BOSTON — Republicans are rejoicing and Democrats reeling in the wake of Scott Brown's stunning triumph in a special Massachusetts Senate election, a devastating Democratic defeat that triggered soul-searching within President Barack Obama's party over how to stem further losses in November's midterm elections.
Obama himself grimly faced a need to regroup on Wednesday, the anniversary of his inauguration, in a White House shaken by the realization of what a difference a year made.
The most likely starting place was finding a way to save the much-criticized health care overhaul Democrats have been trying to push through Congress. The Democratic Party also faced a need to determine how to assuage an angry electorate, and particularly attract independent voters who have fled to the GOP after a year of Wall Street bailouts, economic stimulus spending and enormous budget deficits.
In one of the country's most traditionally liberal states, Brown rode a wave of voter anger to defeat Coakley, the attorney general who had been considered a surefire winner until just days ago. Her loss signaled big political problems for Obama and the Democratic Party this fall when House, Senate and gubernatorial candidates are on the ballot nationwide.
Appearing as if in a nod to voter disgust with Washington, Obama signed a directive Wednesday aimed at stopping government contracts from going to tax-delinquent companies. "We need to insist on the same sense of responsibility in Washington that so many of you strive to uphold in your own lives, in your own families, and in your own businesses," Obama said.
Sen. John McCain of Arizona, Obama's Republican presidential rival in 2008, likened Brown's win to the Revolutionary War's "shot heard around the world" in Concord, Mass., in April 1775. McCain said the message was clear: "No more business as usual in Washington. Stop this unsavory sausage-making process."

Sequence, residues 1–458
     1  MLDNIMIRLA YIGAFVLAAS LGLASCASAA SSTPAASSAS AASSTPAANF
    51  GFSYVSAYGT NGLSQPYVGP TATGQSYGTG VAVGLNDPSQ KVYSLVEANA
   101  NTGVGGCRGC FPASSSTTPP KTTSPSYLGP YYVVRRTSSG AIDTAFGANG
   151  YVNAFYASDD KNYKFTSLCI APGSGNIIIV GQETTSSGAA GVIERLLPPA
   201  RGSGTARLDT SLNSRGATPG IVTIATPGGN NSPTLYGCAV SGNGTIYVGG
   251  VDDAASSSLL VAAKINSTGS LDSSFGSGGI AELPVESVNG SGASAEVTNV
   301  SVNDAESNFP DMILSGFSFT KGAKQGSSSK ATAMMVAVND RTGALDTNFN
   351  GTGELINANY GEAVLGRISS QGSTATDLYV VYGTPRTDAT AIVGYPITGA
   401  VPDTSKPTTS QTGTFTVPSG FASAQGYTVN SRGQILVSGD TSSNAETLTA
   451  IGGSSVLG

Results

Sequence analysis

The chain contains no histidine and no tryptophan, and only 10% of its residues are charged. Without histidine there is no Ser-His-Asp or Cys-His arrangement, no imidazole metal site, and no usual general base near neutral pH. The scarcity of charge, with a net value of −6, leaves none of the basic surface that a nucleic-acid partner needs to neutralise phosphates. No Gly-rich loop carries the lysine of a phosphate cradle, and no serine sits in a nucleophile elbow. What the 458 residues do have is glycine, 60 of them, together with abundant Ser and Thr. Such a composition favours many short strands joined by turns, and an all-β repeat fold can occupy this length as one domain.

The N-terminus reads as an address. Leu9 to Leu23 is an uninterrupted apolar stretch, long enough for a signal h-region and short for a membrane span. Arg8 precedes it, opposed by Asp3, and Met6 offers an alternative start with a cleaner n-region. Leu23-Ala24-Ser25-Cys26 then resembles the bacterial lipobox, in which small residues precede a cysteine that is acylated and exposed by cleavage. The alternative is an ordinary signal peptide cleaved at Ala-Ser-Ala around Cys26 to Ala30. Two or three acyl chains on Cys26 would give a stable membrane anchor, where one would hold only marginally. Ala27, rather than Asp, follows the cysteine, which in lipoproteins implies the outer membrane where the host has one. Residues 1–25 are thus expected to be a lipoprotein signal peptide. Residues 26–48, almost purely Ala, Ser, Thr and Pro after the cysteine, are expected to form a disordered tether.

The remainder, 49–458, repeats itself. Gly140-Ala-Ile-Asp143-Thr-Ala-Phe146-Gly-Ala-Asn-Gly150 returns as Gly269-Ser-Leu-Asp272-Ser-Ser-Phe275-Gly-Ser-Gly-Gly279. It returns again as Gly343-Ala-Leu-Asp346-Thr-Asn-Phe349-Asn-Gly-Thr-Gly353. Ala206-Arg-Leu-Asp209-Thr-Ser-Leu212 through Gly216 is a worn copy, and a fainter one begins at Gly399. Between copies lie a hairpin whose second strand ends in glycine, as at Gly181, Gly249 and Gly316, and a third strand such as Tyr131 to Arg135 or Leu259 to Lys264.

White House officials acknowledged that one of the lessons from Massachusetts was the intensity of voter anger, but they said it wasn't so much with Obama as with Washington's failures in general and with the moribund economy.
"There are messages here. We hear those messages," senior Obama adviser David Axelrod said in an interview with MSNBC. "There is a general sense of discontent about the economy. And there is a general sense of discontent about this town. That's why we were elected."
Added Press Secretary Robert Gibbs: "There's a tremendous amount of anger and frustration about where people are economically ... I think that's what's ultimately going to define the coming political battles."
The advisers downplayed the notion that the vote was an indictment against health care reform. But Axelrod said that officials will "take into account" what voters said Tuesday. He added, "It's not an option simply to walk away from a problem that's only going to get worse."
Senate Republican leader Mitch McConnell of Kentucky said Obama has an opportunity to strike a more bipartisan approach.
"The president ought to take this as a message to recalibrate how he wants to govern and if he wants to govern from the middle we'll meet him there," he said.
On Capitol Hill, Democrats were urging their House and Senate candidates to embrace in their campaigns against Republicans the populist appeal the president had made on Sunday as he rushed to Boston to try to save Coakley and the Senate seat held by Democrats, and specifically the late Edward M. Kennedy, for nearly a century.
His attempt didn't work but House and Senate Democrats insisted that the pitch — Democrats work for the people, Republicans work for Wall Street — was simply made too late.